After almost four months of research at the Forum’s office it was time for me to leave my desk to meet people all around London! I could not imagine a better start then on the morning of Friday March 7th, in the Churchill Gardens Primary Academy. There I had the privilege to meet, have a coffee and chat with a group of inspiring women.
Maybe a morning coffee sounds like an ordinary experience but actually, spending time with these women is much more than that. I have never been fan of superheroes because in my opinion they’re clearly a product of the imagination. After meeting these women I changed my mind; now I know, superheroes do really exist and they look like a mother with the talent, with the grace and the balance of a juggler. Because you need juggling skills to look after four children, work full time and simultaneously study at the University.
So, I had coffee with 35 super-heroines (that’s the number of women taking part to the meeting) and I was really anxious because I know how precious time is for these everyday-fighters.
The Churchill Gardens Primary Academy is the School that their children attend and it is placed in the southern side of Westminster, in the middle of Churchill Ward. As many other wards in London, Churchill Ward has a really interesting profile from a demographic and electoral point of view. According to the Census 2011 there are around 10,000 residents and 45% of them where born abroad; 12% come from the European Union, 8% from Africa, 15% from Middle East and Asia. The percentages get even more interesting if we glance at the citizenship of the residents in Churchill: in 2011, 68.5% of them hold a British passport and 13% an EU one.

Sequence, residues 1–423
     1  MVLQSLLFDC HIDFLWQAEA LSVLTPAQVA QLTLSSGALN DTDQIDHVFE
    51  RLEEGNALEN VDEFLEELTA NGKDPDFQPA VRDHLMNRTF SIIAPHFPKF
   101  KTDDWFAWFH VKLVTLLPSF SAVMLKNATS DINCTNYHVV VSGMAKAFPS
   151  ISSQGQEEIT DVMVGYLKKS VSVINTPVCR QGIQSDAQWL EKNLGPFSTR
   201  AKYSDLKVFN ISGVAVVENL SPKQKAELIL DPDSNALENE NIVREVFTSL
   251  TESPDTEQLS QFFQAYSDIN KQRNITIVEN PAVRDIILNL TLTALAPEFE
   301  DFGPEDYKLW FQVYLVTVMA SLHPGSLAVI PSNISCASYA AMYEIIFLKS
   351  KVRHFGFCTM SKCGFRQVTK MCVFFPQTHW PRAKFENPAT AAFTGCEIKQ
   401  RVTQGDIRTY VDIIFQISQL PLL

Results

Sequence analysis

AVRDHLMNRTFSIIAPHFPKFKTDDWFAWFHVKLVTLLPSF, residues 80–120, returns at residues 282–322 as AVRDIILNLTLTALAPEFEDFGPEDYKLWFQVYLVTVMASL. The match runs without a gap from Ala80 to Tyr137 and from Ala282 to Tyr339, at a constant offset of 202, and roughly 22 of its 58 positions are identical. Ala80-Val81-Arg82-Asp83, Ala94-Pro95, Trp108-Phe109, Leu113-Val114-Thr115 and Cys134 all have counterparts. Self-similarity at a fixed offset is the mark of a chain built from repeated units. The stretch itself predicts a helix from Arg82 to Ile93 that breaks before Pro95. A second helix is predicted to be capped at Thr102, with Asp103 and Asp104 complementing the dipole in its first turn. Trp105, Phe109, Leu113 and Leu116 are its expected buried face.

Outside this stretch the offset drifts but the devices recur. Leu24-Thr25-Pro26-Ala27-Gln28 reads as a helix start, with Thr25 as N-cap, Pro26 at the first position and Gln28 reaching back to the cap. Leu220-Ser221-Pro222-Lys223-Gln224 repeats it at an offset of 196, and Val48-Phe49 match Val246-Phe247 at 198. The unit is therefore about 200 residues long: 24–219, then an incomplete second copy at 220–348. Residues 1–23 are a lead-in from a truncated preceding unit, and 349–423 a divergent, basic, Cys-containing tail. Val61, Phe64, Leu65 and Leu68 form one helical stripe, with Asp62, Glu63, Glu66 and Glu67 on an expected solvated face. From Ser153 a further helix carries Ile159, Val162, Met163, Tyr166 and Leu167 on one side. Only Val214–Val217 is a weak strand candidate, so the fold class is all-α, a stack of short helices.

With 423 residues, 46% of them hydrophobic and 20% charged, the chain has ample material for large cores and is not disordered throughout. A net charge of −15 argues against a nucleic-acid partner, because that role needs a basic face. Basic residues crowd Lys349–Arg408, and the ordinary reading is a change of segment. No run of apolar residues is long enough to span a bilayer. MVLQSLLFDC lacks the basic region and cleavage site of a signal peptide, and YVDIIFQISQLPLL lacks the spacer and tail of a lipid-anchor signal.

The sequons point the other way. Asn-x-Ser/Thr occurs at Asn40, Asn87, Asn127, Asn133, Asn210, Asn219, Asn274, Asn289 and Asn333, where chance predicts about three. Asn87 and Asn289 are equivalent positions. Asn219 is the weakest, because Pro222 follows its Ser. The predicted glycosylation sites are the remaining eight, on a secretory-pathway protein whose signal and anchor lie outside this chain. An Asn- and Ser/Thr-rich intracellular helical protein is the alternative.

But the biggest surprise for me was to discover the level of civic awareness and the participation these women have: more than 70% of them are in the Electoral Register and most of them who arrived in UK before 2010 took part in all the polls. Why? Because Rūta, Julie, Maria, Tastema, Fatimah, Aisha and many others are concerned about providing adequate housing and education to their children, are eager to see them grow up in a safe neighbourhood, with green spaces and activities useful to develop their capacities and skills.
The concerns of my super-heroines are similar to those of every woman and man who works, studies, raises children and provides an inestimable contribution to UK society. The minimum that this society can do, to pay back these contributions, is to provide best quality public services. By exercising their right to vote, not only do they have “a say” in local issues but they also “legitimise” their demand for these public services. Moreover, they give voice to other “superheroes” that pay their taxes, have the same concerns but who don’t have the right to vote.
This is the reason why most of these super-heroines gathered in that room on Friday morning knew how to register, how to vote and the relevance of postal voting…
What about you? Do you know how to vote? It’s ok if you don’t (maybe you don’t know yet that you are a superhero too!) check out About My Vote website or check my next post on the Forum’s blog.